OSHA urges employers to be prepared to keep their workers safe during extreme weather.
Here are some best practices, according to OSHA, for hurricane response and recovery operations:
- Evaluate the work site for these hazards: falls, electrocution, noise, cut hazards, high ambient temperatures, hazardous substances and infectious materials
- Conduct exposure monitoring (lead, asbestos, benzene, noise), and
- Share hazard and exposure monitoring data among response and recovery organizations.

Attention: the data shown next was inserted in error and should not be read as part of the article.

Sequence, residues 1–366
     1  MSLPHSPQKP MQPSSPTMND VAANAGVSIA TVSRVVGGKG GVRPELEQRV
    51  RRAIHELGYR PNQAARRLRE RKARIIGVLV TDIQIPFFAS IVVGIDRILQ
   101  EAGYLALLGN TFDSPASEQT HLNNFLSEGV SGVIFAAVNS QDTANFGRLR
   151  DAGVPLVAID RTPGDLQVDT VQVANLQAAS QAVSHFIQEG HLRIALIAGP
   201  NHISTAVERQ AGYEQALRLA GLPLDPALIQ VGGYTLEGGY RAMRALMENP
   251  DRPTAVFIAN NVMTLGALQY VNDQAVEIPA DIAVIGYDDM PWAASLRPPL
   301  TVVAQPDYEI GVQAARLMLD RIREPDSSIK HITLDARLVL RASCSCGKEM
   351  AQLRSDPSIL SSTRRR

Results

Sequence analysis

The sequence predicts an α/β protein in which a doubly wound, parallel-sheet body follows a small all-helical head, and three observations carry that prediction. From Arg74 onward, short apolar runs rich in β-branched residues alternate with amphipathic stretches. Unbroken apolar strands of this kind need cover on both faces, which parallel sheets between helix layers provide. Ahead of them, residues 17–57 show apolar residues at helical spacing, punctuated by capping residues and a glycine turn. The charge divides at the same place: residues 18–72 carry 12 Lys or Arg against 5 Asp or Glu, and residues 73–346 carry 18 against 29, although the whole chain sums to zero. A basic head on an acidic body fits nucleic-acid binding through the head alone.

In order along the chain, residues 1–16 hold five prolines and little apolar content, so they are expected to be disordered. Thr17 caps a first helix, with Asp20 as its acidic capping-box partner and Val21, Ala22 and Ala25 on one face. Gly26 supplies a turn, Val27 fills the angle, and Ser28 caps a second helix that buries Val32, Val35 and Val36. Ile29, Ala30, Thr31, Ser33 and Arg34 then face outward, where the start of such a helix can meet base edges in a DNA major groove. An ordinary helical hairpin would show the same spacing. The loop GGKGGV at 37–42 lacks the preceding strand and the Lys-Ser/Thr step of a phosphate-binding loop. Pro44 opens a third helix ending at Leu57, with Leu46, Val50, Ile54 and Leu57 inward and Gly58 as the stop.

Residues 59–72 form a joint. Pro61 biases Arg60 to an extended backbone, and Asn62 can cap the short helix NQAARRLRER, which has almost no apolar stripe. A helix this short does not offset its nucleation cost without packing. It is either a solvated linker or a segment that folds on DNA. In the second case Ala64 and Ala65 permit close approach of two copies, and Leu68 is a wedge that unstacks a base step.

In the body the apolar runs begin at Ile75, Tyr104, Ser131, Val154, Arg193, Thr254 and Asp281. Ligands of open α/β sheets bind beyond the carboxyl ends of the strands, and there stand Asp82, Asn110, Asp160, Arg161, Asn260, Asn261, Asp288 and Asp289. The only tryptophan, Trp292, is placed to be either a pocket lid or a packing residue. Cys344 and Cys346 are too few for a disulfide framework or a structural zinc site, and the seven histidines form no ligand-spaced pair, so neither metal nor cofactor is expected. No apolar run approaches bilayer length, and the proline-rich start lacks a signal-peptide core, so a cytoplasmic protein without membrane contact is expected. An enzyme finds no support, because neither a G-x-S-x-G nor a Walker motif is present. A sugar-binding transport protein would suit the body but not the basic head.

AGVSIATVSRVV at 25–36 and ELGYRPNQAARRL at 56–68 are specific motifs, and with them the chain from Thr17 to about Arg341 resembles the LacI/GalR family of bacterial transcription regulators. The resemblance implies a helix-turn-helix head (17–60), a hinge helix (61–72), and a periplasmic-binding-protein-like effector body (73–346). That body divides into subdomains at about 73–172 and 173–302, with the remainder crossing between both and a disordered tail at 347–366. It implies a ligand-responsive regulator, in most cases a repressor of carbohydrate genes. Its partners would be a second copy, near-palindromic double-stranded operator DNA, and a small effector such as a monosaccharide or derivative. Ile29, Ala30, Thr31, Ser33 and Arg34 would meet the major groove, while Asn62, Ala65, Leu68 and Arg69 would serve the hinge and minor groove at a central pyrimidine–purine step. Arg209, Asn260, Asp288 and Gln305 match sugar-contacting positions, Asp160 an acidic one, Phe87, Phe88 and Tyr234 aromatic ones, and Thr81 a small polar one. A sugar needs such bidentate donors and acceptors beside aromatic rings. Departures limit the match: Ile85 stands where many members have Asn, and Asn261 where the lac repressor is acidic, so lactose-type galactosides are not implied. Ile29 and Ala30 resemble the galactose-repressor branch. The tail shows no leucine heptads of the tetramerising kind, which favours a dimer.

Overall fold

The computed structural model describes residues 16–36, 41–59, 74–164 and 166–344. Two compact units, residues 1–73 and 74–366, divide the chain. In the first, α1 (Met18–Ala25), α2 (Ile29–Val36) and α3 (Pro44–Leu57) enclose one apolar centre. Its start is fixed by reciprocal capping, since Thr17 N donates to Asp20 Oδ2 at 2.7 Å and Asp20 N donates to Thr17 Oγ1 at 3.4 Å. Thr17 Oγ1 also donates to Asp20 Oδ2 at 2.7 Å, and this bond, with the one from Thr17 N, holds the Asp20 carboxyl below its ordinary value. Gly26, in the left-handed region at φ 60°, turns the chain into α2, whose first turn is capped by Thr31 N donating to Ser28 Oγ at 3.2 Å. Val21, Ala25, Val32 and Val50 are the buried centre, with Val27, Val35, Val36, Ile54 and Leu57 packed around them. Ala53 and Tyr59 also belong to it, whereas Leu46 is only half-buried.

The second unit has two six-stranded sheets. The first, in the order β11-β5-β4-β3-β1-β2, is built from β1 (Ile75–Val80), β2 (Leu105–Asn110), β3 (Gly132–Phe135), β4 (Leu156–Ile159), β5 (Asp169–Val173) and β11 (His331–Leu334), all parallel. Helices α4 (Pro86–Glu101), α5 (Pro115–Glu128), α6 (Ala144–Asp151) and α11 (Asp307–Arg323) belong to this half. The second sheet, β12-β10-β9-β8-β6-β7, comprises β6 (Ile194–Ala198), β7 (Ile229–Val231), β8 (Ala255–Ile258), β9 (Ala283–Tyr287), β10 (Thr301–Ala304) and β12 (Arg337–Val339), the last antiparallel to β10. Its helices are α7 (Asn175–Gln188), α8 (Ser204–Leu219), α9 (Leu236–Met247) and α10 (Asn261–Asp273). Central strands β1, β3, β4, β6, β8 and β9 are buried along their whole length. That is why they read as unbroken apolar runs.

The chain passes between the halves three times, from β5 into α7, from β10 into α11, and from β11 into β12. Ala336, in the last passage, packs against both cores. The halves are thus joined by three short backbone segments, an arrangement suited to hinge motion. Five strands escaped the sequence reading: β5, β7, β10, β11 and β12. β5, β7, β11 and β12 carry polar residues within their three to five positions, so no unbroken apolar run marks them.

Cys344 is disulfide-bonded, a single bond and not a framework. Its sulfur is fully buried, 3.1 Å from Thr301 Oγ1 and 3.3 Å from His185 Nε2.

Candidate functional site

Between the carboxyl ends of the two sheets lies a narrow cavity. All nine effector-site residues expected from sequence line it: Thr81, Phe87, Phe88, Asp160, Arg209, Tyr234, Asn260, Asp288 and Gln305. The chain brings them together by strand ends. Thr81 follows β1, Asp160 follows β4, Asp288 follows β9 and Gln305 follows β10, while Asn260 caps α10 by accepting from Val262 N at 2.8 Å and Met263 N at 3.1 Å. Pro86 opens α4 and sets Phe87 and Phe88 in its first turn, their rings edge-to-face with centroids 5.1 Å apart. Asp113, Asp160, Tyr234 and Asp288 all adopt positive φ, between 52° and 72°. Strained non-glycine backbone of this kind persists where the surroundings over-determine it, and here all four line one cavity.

OSHA has several webpages with best practices for worker safety during disaster response and recovery:
- Emergency preparedness and response
- Hurricane preparedness and response
- Hurricane eMatrix (information on most common hazards), and
- General recommendations for working in impacted areas.
Here is an additional guidance document from the National Institute of Occupational Safety and Health.
And when it comes to cleaning up fallen trees, don’t be this nun.